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    FW: Conning? [Re: Master & Commander]
    From: Stacy Hanna
    Date: 2003 Dec 10, 17:51 -0500

    My copy of "Naval Ceremonies, Customs, and Traditions " has the
    following definition:
    Con, Conn. A very old word and the exact derivation is not known. It was
    first used about 1520 in the present sense of directing the steering or
    giving orders to the helmsman, by the captain but more often by the
    officer of the deck.
    
    In the modern US Navy we usually have two officers on watch on the
    bridge, the Officer of the Deck who is responsible to the Captain for
    just about everything that is going on onboard the ship (if there is
    interest I will post the section of Navy Regulations that specifies the
    OOD's duties and responsibilities, it is four pages long.) The Conning
    Officer works for the Officer of the Deck and is the one who actually
    gives the orders for changing course or speed (at the OODs direction or
    with is permission). Theoretically the Conning Officer has no duties
    other than ensuring that the ship is properly steered while the OOD is
    busy with his many other duties, in reality the Conning Officer is
    assisting the OOD with many of his duties so that he can learn the job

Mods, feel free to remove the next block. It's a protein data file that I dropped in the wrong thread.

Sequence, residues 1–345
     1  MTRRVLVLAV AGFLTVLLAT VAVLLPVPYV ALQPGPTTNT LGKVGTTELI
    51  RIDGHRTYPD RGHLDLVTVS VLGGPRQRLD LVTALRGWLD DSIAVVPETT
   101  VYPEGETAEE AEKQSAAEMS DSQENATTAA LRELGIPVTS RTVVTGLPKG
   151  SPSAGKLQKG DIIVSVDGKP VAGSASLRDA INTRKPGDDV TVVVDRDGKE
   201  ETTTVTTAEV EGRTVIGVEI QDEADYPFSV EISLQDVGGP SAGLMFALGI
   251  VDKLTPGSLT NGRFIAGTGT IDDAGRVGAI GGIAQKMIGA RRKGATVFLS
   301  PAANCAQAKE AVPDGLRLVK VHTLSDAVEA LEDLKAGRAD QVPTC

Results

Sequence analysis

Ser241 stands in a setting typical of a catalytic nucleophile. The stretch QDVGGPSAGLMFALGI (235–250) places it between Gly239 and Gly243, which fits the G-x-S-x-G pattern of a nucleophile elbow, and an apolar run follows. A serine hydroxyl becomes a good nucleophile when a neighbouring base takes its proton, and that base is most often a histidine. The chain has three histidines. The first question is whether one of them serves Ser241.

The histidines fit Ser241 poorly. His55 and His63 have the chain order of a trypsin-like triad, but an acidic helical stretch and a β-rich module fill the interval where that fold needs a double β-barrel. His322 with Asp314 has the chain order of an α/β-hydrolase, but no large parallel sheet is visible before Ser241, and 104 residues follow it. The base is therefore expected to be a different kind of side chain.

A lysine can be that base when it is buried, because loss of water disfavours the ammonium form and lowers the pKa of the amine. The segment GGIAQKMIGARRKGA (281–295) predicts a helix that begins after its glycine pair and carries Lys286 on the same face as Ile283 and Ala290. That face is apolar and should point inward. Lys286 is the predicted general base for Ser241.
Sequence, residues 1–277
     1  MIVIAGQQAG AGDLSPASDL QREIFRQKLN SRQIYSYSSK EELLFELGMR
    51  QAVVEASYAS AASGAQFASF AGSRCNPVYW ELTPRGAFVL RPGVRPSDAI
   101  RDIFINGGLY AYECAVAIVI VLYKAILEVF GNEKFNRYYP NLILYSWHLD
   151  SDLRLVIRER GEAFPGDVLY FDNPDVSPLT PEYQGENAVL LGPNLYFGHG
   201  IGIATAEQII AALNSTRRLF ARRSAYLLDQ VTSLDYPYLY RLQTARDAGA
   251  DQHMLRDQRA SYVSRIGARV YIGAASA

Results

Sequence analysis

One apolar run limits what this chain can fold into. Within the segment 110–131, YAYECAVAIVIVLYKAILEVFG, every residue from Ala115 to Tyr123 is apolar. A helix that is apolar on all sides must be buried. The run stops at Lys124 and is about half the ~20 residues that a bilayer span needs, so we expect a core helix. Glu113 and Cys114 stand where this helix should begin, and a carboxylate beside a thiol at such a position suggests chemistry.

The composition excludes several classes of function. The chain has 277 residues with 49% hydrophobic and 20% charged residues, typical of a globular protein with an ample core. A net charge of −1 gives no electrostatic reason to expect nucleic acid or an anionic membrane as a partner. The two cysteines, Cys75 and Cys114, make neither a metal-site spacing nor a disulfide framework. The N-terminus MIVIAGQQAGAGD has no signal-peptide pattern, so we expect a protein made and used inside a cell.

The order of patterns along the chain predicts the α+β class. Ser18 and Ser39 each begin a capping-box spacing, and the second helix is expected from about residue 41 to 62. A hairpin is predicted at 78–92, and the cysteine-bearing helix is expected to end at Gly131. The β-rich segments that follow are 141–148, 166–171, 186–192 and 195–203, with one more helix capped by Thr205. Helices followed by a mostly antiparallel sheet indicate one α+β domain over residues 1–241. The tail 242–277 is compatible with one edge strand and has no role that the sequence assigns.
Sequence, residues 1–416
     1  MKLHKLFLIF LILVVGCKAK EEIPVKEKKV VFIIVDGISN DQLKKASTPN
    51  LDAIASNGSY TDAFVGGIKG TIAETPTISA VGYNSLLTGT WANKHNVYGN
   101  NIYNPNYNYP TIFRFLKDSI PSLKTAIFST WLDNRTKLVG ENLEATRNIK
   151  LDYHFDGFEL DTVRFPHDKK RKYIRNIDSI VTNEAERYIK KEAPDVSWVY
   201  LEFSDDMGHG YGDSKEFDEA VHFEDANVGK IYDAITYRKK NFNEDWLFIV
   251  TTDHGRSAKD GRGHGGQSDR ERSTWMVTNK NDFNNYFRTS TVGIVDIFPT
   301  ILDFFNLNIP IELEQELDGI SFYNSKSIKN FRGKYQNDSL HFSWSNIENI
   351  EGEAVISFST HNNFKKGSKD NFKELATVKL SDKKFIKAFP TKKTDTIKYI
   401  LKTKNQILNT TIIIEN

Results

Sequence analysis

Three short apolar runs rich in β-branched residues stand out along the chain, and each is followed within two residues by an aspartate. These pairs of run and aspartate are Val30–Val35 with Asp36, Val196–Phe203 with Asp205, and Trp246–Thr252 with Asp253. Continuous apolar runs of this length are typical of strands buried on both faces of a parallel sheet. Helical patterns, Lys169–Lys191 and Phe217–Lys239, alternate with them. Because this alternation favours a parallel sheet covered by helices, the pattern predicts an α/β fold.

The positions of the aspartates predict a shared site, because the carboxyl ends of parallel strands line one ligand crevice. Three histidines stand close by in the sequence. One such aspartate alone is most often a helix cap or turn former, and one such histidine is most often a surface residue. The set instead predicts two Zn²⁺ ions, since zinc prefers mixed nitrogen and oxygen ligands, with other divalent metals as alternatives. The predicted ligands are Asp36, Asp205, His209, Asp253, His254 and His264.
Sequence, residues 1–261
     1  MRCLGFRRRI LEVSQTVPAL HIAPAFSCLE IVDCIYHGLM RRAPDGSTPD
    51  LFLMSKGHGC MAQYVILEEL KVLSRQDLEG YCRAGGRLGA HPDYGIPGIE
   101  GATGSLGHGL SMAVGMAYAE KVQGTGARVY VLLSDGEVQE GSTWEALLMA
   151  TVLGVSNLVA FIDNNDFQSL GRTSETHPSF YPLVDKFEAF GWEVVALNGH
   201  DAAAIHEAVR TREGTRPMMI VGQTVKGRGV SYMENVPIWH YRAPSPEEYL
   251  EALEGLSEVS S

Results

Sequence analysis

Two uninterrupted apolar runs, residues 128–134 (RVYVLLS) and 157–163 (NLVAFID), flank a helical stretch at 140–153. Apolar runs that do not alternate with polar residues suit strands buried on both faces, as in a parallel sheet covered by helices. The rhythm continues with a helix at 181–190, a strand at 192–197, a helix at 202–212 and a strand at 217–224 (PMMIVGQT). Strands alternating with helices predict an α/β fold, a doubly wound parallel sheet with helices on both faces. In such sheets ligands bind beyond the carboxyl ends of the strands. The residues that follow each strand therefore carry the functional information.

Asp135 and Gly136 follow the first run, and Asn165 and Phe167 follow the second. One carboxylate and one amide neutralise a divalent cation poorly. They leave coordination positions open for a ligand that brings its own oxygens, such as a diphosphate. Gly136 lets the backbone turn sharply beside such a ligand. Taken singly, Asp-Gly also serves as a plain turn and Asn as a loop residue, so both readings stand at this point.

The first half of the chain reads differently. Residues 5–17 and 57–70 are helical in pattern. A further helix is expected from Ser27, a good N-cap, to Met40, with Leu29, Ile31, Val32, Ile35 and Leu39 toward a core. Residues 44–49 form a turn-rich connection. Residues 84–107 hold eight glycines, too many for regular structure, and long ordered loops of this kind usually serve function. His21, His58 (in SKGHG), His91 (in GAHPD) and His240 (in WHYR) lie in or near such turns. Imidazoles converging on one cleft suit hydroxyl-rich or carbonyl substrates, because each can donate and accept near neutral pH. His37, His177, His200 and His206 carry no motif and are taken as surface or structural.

and eventually be qualified as Officer of the Deck.
    (Although the job titles are 'Officer' of the Deck and Conning 'Officer'
    it is not uncommon for senior enlisted men to be qualified and stand
    these watches.)
    
    -----Original Message-----
    From: Navigation Mailing List
    [mailto:NAVIGATION-L{at}LISTSERV.WEBKAHUNA.COM] On Behalf Of Jared Sherman
    Sent: Wednesday, December 10, 2003 06:06
    To: NAVIGATION-L{at}LISTSERV.WEBKAHUNA.COM
    Subject: Conning? [Re: Master & Commander]
    
    From Bruce Stark's forward and the mention in it of a "conning officer"
    I became curious, as I've only heard the term "conning tower" as a part
    of a submarine, and never a "conning officer". Now I find a 1913
    Webster's definition of "The shot-proof pilot house of a war vessel."
    
    Where does the word "conning" come from in naval use? Is it still
    actually used to refer to anything except a conning tower?
    
    
    

       
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